America’s economy is humming along, and it should stay that way for a while.
Nevertheless, depending on how the trade war between the United States and other countries works out, consumers could find themselves strapped for cash this time next year.
That was one take from a Thursday meeting of the Economic Estimating Conference, in which economists rattled off a lot of good news about the national economy.
While unemployment ticked up from a low of 3.8 percent to 4 percent in June, it’s expected to be back down to 3.8 percent by the end of the year and down to 3.4 percent sometime next year. Consumer spending is also up, as is the value of the dollar. Even vehicle sales hit the high watermark set in March, putting the American consumers on pace to buy 17.4 million autos in 2018.
About the only cause for worry is housing. Currently, there’s only about four months of home inventory — far under the ideal of six months — which has caused an increase in prices. And though new home construction is up, almost all of those gains are due to rebuilding in California, Florida and Texas.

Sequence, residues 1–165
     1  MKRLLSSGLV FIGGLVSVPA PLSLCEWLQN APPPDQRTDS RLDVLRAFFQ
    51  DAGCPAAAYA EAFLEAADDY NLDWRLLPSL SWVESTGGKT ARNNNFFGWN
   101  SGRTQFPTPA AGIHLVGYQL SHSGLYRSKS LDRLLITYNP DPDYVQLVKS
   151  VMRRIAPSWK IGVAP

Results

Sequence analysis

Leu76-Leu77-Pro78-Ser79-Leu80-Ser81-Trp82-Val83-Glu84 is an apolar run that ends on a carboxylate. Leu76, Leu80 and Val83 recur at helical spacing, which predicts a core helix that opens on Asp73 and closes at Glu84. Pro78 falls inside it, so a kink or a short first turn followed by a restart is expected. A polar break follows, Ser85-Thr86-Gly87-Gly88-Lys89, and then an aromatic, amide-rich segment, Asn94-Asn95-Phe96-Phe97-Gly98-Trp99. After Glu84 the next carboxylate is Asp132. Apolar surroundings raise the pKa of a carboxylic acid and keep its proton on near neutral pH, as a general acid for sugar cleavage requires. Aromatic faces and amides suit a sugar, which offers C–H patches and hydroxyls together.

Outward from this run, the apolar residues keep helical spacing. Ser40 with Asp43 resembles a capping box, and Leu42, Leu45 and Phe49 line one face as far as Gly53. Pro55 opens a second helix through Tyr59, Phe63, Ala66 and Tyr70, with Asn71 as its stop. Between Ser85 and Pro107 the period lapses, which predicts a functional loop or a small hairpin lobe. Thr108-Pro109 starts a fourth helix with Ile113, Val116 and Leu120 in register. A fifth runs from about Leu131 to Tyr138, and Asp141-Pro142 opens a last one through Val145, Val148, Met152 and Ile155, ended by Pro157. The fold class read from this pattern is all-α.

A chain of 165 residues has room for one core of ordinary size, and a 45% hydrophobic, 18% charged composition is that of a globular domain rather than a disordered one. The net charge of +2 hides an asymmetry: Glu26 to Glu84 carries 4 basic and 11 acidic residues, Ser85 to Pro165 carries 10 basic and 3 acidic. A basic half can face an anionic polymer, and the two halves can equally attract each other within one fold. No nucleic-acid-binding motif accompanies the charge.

But there’s a chance that things could turn south over the next couple years.
The conference said there was a 20 percent probability that the nation could enter a recession at the end of the third quarter of next year. In that scenario, GDP could see a 0.1 percent retraction and unemployment climbs to 5.1 percent by the start of 2020 before coming back down to 4.8 percent.
The basis of that pessimistic outlook is based on a slump driven by the housing market.
Amy Baker of the Office of Economic and Demographic Research, said both the positive and negative outlooks could be off depending on how the trade war between the U.S. and China works out. The conference’s current data accounts for tariffs on about $35 billion in consumer goods, but that number has exploded to $200 billion just this week.
It’ll take a bit for the tariffs to feed through and start affecting the economy, Baker said, but if they keep ratcheting up the potential impact will grow as well.
“When you get up over $250 billion, you will see an impact,” she said, later adding that “based on what we know today, [the estimate] is probably overly optimistic.”
The conference grappled with how to account for the trade war in the economic estimates and how much they should weight the negatives brought about by the tariffs in their current model.
There’s also uncertainty about other markets — President Donald Trump has toyed with imposing a 25 percent tariff on cars, which would certainly bring down auto sales figures from their current high.